Llovera is out of minor-league options. Since he was previously outrighted by the Phillies in August 2021, he has the right to reject another outright assignment and opt for free agency instead.
What went well: Thirteen of Voth’s 25 appearances last year were multi-inning affairs; eight lasted two-plus frames.
Voth’s 5.6-percent barrel rate tied for 77th-best among 448 pitchers allowing at least 100 batted balls in 2023. This tied the former Washington Husky with Sewald among others. The MLB barrel rate was 8.1-percent.
Since becoming an Oriole in 2022, Voth pitched well on the road. Not so much at Camden Yards. Perhaps this nugget factored into the decision-making of the Mariners when the team opted to sign the Kentwood High School product this winter.
What to watch for: Voth missed 71 days due to elbow discomfort last year. His new team undoubtedly did its homework before signing the 31-year-old. But it’s a factor worth mentioning. His only other arm-related issue occurred in 2019 when he missed 43 days with a biceps injury.
During six big-league seasons, the right-hander has better numbers as a starting pitcher than as a relief pitcher.
I’m not suggesting Voth can’t or won’t succeed as a reliever in Seattle. But I thought it was appropriate to note the splits illustrated above.
What went well: Vargas’ average four-seam fastball velocity of 99.4 mph was eighth-highest last year. His 98.8 mph sinker also ranked eighth placing him just behind new teammate Gregory Santos (98.9 mph).
In four minor-league seasons, Vargas surrendered 11 home runs to 841 hitters, which equates to an outstanding 1.5-percent home run rate. Once again, the MLB rate last season was 3.2-percent.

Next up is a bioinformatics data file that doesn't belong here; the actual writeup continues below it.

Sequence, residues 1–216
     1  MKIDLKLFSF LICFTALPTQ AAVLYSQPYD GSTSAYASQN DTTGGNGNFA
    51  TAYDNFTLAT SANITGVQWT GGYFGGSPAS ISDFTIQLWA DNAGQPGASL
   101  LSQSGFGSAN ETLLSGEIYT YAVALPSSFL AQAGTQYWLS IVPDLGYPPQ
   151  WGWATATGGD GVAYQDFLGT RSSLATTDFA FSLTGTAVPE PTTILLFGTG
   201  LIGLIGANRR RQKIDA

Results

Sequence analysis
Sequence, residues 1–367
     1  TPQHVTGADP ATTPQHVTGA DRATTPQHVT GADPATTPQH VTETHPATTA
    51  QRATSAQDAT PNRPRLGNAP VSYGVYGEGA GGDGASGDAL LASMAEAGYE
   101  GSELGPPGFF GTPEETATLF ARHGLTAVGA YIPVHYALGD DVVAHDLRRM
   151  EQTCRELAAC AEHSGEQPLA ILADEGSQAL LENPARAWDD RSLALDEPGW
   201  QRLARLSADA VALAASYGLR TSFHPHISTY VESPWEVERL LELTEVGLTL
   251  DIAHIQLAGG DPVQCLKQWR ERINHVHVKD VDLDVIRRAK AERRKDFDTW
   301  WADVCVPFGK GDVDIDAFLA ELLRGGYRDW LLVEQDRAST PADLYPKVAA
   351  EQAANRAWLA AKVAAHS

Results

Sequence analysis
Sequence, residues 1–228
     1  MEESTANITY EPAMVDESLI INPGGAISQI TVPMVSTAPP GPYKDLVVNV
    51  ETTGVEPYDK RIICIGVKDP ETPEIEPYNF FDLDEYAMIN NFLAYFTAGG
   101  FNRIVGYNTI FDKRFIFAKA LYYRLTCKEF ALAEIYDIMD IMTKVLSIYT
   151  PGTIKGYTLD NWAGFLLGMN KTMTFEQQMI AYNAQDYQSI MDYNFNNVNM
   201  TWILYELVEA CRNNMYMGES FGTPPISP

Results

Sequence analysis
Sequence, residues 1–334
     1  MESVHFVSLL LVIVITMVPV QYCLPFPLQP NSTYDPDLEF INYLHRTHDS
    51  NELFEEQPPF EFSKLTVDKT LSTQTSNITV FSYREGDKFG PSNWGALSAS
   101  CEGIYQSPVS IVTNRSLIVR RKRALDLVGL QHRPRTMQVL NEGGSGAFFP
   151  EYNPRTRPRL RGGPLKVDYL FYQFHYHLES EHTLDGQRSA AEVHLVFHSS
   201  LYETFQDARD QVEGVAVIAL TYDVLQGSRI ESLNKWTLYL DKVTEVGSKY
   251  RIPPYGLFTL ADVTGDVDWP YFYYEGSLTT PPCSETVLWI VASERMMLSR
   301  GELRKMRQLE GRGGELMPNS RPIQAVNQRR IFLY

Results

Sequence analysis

What to watch for: Vargas made just five MLB appearances last year - all in April. It’s worth noting Arizona never recalled him despite its bullpen being a glaring weakness for most of the season.
As with many flame-throwing youngsters, mastering his control has been a challenge for Vargas. In 188.2 MiLB innings, the right-hander has an 11.5-percent walk rate. During his brief time as a Diamondback, he walked four hitters in 4.2 frames.
While in Cleveland’s system, Vargas underwent Tommy John surgery, which cost him the 2021 season. The native of the Dominican Republic returned to the mound the following year logging 34.1 innings at the AA and AAA levels.
This may be a nothing-burger, but Vargas’ 17-percent strikeout rate in 37 appearances with Reno last season was a professional low. Perhaps the D-Backs were emphasizing process over results with the 24-year-old.
What went well: With the Royals last year, the average velocity of Kowar’s four-seam fastball was 96.9-mph. Only 22 of 180 relievers with at least 200 four-seamers threw harder than the 33rd overall draft pick of 2018.
Kowar’s four-seam fastball was relatively effective at depressing power. The former Florida Gator’s .398 SLG against the high-velocity offering was considerably better than the MLB SLG versus four-seamers (.457).
What to watch for: Throughout his professional career, Kowar has annually posted double-digit walk rates. Last year, it was a 14.5-percent rate with Class-AAA Wichita and 14.6-percent with Kansas City.
Assuming Seattle carries the max of 13 pitchers MLB permits, eight will likely be relievers. Muñoz, Brash, Santos, and Speier are the locks. From my perspective, Voth, Thornton, and Saucedo are also well-positioned to break camp with the Mariners. This leaves one spot for the other four relievers we discussed, plus the plethora of bullpen candidates who will be in camp.
Other bullpen candidates
Source: Roster Resource at FanGraphs
This blogger’s choice for the final bullpen spot is Llovera. I like the potential his sinker presents, plus he should enjoy pitching at T-Mobile Park much more than Fenway. He’s also out of options and can’t be outrighted, which are critical planning factors that must be considered.
Bazardo would be a fine choice, too. But with an option remaining, he could begin the season with Class-AAA Tacoma before an inevitable call-up to the big-league club. Vargas (one option remaining) is interesting, although developing better control to pair with his elite velocity should be a priority. The same applies to Kowar (one option remaining).
My Oh My…